Eye health: Presbyopia and your eyes
Presbyopia is part of the natural ageing process of the eye, and can be easily corrected. Technically, presbyopia is the loss of the eye's ability to change its focus to see objects that are near. It is not a disease. It's as natural as wrinkles, and it affects everybody at some point in life. Presbyopia generally starts to appear around age 40.
Presbyopia is often confused with long-sightedness, but the two are different. Presbyopia occurs when the eye's lens loses flexibility. Long-sightedness occurs as a result of the shape of the eyeball, which causes light rays to bend incorrectly once they have entered the eye.
What are the symptoms of presbyopia?
Symptoms of presbyopia include:
- Blurred vision at a normal reading distance.
- The need to hold reading material at arm's length.
- Headaches from doing close work.
How is presbyopia diagnosed?
An optometrist can diagnose presbyopia by performing a thorough eye examination.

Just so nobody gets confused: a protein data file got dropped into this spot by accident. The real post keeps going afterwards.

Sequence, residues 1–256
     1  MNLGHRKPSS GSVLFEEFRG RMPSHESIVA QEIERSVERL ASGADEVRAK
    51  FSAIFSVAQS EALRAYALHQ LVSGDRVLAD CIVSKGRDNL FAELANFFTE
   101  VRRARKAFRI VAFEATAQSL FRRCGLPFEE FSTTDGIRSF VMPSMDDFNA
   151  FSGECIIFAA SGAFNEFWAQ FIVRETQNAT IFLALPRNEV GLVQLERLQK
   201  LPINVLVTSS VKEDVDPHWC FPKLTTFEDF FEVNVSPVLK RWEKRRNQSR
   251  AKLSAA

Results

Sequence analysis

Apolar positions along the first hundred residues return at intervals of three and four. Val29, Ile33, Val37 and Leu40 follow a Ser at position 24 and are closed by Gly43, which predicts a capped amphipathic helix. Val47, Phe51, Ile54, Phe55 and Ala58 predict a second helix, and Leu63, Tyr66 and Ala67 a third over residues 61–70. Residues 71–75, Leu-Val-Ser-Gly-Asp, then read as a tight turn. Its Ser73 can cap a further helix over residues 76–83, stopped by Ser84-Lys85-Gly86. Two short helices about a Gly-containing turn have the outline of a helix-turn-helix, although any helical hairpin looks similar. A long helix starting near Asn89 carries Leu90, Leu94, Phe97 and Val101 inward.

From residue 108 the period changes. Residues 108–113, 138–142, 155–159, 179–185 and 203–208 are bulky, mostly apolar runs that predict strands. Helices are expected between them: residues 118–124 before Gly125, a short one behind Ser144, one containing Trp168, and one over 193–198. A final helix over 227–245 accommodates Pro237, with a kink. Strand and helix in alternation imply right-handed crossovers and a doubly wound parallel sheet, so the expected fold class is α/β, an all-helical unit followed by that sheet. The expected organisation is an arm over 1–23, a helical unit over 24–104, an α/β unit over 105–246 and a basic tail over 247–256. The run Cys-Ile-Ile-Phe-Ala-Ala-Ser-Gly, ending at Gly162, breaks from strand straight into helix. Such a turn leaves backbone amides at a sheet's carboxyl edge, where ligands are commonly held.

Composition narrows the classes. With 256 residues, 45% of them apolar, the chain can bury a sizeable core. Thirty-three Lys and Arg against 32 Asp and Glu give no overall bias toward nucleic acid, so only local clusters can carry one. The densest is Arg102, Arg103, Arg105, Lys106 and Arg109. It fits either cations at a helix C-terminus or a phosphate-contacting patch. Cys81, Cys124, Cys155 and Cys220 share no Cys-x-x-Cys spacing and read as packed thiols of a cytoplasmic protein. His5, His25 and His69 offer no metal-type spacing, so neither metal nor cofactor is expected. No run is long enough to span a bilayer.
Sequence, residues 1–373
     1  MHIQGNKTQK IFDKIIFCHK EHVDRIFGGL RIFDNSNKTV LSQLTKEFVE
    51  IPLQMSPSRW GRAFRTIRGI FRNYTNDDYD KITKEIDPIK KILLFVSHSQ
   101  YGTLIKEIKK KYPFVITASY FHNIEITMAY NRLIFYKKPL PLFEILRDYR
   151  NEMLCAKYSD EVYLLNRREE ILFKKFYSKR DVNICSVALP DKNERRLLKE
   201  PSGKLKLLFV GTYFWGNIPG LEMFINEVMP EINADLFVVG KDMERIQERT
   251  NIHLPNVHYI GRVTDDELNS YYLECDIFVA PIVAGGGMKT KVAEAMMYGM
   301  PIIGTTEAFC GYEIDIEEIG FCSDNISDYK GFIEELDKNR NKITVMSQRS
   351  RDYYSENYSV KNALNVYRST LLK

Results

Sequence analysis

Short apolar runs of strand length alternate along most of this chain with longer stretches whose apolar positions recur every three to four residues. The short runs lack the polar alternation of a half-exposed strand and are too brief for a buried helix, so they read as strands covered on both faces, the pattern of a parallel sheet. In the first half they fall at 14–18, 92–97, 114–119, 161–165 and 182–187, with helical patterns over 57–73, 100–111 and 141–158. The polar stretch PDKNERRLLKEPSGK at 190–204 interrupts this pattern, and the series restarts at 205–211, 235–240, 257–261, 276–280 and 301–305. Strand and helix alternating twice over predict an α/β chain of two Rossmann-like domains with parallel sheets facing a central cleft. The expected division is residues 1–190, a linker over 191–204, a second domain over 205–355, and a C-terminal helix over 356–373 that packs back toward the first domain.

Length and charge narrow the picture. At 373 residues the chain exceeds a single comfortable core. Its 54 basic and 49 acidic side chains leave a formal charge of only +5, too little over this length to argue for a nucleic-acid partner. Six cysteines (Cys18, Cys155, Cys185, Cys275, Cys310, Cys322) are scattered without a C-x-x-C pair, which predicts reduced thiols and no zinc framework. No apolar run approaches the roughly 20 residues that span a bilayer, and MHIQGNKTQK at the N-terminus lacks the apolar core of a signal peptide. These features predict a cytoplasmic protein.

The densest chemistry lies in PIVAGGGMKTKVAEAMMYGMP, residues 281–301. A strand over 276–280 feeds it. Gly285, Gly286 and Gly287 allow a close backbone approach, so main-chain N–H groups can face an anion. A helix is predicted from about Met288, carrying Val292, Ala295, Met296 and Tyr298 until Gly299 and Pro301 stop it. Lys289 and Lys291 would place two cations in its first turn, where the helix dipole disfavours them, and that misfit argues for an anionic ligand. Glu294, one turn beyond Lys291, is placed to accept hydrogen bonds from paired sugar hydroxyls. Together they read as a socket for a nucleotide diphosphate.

How is presbyopia treated?
Presbyopia cannot be cured. Instead, prescription glasses, contact lenses, reading glasses, progressive addition lenses, or bifocals can help correct the effects of presbyopia. Bifocals are often prescribed for presbyopia. Bifocals are eyeglasses that have two different prescriptions in one spectacle lens. The main part of the lens contains a prescription for short-sightedness or long-sightedness, while the lower portion of the lens holds a stronger prescription to help a person see objects up-close. Progressive addition lenses are similar to bifocals but have a more gradual transition between the two prescriptions.
Contact lenses used to treat presbyopia include multifocal lenses, which come in soft or gas permeable versions, and monovision lenses, in which one eye wears a lens that aids in seeing objects at a distance, while the other has a lens that aids in near vision.